MesosideriteOne of two main types of stony-iron meteorite, the other being pallasites. Mesosiderites are a mixture of approximately 50% basaltic, gabbroic and orthopyroxenitic silicates and 50% Ni-Fe metal and sulfides. The name derives from the Greek "mesos" meaning "middle" or "half" and "sideros" for "iron;" hence "half-iron". The silicates are, group 3A/4A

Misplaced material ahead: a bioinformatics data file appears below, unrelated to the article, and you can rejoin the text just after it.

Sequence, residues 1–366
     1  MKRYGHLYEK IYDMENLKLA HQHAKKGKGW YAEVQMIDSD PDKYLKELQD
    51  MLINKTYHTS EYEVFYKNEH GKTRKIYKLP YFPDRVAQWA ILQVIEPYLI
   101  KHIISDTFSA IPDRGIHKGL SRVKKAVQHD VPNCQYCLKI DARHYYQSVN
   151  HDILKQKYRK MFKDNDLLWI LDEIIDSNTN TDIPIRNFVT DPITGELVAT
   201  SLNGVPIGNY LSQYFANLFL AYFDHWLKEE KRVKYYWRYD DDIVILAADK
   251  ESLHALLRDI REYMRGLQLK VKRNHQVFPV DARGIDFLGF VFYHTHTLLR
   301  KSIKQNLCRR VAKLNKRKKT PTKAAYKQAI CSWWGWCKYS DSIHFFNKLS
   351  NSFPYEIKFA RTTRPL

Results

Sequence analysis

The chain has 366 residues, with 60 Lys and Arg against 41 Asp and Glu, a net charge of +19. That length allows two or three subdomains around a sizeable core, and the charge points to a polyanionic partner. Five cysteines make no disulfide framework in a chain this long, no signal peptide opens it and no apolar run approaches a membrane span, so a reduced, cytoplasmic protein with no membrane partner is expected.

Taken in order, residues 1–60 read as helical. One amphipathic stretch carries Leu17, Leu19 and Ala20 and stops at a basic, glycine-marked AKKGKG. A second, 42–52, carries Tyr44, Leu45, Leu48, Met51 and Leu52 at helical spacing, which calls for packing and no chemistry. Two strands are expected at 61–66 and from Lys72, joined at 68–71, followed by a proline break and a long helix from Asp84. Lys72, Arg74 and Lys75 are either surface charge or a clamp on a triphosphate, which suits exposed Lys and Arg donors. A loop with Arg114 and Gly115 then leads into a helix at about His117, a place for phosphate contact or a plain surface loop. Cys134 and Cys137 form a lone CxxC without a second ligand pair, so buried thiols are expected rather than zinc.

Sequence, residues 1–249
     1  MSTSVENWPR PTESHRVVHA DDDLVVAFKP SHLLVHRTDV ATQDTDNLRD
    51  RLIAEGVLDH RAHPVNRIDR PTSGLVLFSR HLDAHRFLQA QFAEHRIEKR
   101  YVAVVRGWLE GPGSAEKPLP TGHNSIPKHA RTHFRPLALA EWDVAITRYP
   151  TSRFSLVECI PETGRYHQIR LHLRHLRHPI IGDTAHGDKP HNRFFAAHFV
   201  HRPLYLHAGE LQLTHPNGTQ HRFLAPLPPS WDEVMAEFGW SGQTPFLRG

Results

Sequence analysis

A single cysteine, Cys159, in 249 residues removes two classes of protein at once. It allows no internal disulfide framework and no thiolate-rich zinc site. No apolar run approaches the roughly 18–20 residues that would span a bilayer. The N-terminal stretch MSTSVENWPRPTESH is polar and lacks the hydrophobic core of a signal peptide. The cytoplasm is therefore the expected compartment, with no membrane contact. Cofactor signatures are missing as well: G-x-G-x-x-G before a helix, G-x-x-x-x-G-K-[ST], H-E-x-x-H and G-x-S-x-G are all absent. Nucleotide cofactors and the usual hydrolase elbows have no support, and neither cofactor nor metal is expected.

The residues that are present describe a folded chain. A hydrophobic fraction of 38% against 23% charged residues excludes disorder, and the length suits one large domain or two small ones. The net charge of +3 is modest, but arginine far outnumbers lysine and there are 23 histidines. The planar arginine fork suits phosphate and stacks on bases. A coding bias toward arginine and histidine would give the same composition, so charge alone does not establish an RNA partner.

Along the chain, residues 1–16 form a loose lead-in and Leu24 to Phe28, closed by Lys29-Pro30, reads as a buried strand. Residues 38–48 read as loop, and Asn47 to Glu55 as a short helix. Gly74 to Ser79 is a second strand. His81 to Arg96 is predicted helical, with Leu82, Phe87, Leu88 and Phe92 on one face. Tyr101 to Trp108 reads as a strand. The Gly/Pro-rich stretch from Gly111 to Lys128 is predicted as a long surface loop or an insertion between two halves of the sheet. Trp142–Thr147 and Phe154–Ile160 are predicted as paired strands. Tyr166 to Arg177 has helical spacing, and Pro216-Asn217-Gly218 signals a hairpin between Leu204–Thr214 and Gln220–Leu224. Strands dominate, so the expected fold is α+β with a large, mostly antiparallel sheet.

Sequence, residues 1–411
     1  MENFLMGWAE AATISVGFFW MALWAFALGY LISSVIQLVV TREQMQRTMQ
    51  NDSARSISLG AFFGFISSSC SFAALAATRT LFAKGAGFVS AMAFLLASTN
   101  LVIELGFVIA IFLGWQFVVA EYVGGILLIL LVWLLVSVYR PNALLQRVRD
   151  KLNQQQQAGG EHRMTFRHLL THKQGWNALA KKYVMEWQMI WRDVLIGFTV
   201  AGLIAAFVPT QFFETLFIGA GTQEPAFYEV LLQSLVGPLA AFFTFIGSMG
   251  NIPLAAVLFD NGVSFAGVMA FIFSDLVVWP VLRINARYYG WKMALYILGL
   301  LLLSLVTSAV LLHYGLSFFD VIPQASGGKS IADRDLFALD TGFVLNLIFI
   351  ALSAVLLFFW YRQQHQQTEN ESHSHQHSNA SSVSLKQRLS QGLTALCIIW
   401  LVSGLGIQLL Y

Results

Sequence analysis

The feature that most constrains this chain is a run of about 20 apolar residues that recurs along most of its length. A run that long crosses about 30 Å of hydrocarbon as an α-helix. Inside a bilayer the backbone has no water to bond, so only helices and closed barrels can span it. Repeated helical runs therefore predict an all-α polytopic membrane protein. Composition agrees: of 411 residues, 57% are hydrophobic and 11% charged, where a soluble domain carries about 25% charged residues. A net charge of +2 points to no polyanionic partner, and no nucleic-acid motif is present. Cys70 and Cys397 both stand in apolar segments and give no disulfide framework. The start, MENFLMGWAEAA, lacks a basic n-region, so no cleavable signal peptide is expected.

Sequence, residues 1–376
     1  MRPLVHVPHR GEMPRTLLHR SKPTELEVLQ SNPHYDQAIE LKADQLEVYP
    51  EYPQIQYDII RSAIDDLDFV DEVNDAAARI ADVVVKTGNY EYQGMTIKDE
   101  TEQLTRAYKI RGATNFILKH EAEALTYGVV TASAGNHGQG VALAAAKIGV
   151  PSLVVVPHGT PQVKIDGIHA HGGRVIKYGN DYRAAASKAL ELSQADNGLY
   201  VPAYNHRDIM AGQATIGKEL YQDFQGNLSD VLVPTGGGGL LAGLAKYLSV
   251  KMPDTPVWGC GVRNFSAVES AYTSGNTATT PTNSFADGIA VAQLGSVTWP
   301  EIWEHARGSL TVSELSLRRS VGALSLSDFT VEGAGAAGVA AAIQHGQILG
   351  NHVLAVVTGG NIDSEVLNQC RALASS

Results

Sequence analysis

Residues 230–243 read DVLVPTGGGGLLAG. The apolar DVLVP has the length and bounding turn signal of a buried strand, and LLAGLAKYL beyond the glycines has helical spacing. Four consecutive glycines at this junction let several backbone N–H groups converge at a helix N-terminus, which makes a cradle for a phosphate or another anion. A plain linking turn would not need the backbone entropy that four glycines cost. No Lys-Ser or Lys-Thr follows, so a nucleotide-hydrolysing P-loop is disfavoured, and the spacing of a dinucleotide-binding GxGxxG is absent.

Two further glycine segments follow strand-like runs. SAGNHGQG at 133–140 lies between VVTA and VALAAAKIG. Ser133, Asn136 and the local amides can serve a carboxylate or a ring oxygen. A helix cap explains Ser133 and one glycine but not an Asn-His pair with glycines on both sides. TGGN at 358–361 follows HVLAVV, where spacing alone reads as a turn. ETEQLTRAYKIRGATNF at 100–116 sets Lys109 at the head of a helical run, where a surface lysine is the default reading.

Fell May 1879 43° 25′ N., 94° 50′ W. At 5:00 P.M. on May 10, in Estherville, Iowa, several large masses and hundreds of small iron nodules fell after a fireballA fireball is another term for a very bright meteor, generally brighter than magnitude -4, which is about the same magnitude of the planet Venus as seen in the morning or evening sky. A bolide is a special type of fireball which explodes in a bright terminal flash at its end, often with visible fragmentation. was seen and sonic booms heard. Over 700 pounds of material was recovered, including one mass of ~437 pounds and one of 151 pounds. The largest mass was divided among the London, Paris, and Vienna Museums while the location of the smaller mass is unknown. Hundreds of the atmospherically ablated iron nodules are preserved at Yale’s Peabody Museum.